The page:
“Clearly, the NHL is in the throes of a concussion epidemic,” Walsh said Thursday. “Only time will tell how severe the long-term health ramifications will be for concussed NHL players. With the economic incentive to make NHL hockey more exciting, the league worked diligently to increase the speed of the game. With increased speed necessarily comes increased collision.

“The results as it relates to player safety are self evident.”

Deputy commissioner Bill Daly scoffed at that suggestion.

“For people to suggest that the last seven to 10 days and the experience we’ve had and some of the names that are out should somehow materially alter our approach to this issue is ridiculous,” he said.

The spotlight returned to hockey’s hot-button issue on Monday when Sidney Crosby announced that he’d suffered a setback in his return to action and got even more intense with a string of similar diagnoses in the days that followed.

Michalek was injured Tuesday night after colliding with a teammate, joining the NHL’s leading scorer (Claude Giroux) and its reigning rookie of the year (Jeff Skinner).

The Philadelphia Flyers added to the list of felled players on Thursday when general manager Paul Holmgren announced that captain Chris Pronger will miss the rest of the season with “severe post-concussion syndrome.”

Other stars like Mike Richards, Kris Letang and Marc Staal are also on the sidelines. In all, players earning more than $50 million combined this season are currently out with head injuries.

However, the number of total concussions through the same period last season is actually down, according to Daly.

“We’ve probably had periods of time where we’ve had as many concussions, but they weren’t … as high-profile players,” he said. “The last thing anybody wants to do is overreact to a very short snapshot in time.”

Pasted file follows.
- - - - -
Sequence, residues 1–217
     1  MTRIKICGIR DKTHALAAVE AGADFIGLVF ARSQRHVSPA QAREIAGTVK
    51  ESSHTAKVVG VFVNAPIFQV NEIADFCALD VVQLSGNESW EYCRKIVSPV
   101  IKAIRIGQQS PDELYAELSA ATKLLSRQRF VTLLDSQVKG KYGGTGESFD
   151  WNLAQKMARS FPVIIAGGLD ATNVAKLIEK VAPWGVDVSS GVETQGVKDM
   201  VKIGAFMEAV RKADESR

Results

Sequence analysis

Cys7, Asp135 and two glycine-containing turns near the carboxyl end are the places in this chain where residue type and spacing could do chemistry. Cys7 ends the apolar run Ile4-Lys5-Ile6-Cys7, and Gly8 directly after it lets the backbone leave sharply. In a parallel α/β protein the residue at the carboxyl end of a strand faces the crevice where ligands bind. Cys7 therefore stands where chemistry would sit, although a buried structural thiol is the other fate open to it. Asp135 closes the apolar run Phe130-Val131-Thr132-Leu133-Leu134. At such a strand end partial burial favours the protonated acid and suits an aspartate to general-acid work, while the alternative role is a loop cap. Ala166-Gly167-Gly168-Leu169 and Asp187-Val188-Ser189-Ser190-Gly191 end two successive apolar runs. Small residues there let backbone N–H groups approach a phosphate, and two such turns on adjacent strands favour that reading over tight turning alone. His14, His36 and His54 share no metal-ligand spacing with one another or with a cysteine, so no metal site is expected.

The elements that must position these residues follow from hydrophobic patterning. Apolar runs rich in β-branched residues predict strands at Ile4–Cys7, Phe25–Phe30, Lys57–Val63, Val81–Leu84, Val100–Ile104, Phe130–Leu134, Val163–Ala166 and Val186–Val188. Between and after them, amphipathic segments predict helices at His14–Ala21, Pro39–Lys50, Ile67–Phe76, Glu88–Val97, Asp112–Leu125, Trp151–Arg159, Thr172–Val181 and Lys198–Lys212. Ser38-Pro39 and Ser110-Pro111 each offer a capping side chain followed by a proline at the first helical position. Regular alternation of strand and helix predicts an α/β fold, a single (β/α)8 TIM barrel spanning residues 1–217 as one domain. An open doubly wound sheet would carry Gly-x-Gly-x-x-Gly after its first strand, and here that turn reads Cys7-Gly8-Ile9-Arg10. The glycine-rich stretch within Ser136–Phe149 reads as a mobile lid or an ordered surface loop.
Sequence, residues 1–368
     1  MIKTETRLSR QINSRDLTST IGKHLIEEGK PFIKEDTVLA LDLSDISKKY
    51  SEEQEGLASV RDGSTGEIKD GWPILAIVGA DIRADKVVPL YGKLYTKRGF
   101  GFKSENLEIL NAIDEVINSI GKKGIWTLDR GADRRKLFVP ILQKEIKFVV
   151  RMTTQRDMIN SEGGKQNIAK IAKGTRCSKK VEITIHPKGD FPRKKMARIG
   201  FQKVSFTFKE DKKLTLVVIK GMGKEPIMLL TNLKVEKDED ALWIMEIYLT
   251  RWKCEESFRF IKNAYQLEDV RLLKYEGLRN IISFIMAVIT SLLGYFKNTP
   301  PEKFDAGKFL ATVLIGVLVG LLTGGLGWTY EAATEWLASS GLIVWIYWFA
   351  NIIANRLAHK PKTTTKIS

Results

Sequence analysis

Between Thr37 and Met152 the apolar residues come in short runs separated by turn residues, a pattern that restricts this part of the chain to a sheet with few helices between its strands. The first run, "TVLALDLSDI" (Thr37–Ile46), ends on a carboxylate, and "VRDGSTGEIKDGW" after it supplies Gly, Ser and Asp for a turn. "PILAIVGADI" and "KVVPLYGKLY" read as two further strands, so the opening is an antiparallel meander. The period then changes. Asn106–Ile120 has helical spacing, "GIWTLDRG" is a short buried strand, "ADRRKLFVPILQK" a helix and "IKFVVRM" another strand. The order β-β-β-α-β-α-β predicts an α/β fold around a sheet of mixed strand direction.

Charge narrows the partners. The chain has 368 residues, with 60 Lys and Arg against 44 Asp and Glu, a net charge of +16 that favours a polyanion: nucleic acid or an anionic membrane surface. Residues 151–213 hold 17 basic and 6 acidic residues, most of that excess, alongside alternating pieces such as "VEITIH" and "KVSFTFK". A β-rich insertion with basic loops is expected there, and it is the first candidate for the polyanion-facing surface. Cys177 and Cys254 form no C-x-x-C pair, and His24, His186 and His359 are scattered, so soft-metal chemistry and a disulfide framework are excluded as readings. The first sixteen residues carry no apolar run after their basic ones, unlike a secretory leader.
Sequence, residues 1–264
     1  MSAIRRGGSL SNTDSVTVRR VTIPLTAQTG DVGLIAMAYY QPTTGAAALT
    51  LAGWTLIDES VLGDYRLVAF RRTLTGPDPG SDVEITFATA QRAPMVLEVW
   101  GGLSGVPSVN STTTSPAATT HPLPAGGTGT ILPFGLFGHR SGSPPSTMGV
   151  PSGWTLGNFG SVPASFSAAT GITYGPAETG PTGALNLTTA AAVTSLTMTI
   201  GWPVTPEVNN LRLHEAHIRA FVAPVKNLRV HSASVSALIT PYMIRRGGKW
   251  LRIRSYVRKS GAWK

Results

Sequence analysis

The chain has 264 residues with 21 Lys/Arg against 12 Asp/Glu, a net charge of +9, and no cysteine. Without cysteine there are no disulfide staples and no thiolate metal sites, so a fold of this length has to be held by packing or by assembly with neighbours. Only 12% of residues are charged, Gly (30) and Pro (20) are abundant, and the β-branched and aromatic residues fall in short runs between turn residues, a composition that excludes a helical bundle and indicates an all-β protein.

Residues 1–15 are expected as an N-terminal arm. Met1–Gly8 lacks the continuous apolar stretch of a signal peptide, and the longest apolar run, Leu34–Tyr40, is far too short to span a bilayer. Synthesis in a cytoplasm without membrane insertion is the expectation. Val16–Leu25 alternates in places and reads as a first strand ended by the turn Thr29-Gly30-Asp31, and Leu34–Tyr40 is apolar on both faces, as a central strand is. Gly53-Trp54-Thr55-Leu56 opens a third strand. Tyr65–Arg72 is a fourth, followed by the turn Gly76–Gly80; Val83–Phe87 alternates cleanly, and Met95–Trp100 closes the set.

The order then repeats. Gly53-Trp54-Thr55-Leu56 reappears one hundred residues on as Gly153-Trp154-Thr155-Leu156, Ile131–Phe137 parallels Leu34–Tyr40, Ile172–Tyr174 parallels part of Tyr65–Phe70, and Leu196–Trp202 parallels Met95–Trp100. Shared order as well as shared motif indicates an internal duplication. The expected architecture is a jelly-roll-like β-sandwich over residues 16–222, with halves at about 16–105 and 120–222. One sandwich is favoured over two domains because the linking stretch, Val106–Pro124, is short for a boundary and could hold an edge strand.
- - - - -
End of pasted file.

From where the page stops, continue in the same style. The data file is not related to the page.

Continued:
Key administrators in the sport certainly can not be accused of ignoring the issue altogether. Earlier this year, the NHL and NHL Players’ Association signed off on a new concussion protocol which introduced more rigid rules governing the diagnosis of head injuries and return to play procedure.

Changes have also been made to the rulebook. The league’s general managers introduced rule 48 outlawing blindside hits to the head in 2010 before refining the wording around that rule and one covering boarding prior to this season. Brendan Shanahan was also handed a directive to be more strict along with the job of disciplinarian.

And for the first time ever, the NHLPA conducted its fall tour of all 30 teams with a doctor in tow to discuss concussions. He fielded no shortage of questions from players on a subject they’re just as concerned about as the public.

But the kind of change Walsh is advocating is more fundamental. He’s seen their impact first-hand with clients like St. Louis Blues forward David Perron and Minnesota Wild forward Pierre-Marc Bouchard, who both sat out a year with a concussion.

“It’s time for the NHL and teams to treat this issue as the crisis it is,” said Walsh. “The get tough suspension policy has had no effect in reducing the incidence of concussions. The NHL must look inward to immediately address the root cause of these concussions and all factors should be on the table including but not limited to the speed of the game, size of equipment, rule changes related to the red-line, helmet safety standards, use of mouthguards, staged fights, and headshots.”

At least one NHL general manager agrees with him, telling The Canadian Press privately this week he believes measures need to be taken to slow the game down.

That would likely involve reversing some of the once-celebrated changes that came out of the 2004-05 lockout — such as removing the trapezoid behind the goal or reinstating the red-line for two-line passes. It could also include expanding the rink size, among other things.

Daly noted that concussions have been on the agenda at every GMs meeting he can remember over the last number of years. That will be the case once again in March, but he doesn’t think there’s enough appetite for drastic change.

“I don’t believe it’s a crisis, I don’t believe it’s an epidemic,” said Daly. “There’s nothing we can do that doesn’t change the game fundamentally that’s going to eliminate concussions in our game. Bottom line is they’re a fact of life in a contact sport — not just ours — and they continue to be a fact of life.

“As long as we understand the nature of these injuries and we’re approaching it responsibly, which I would suggest we are, there’s not a whole lot more we can do about it.”

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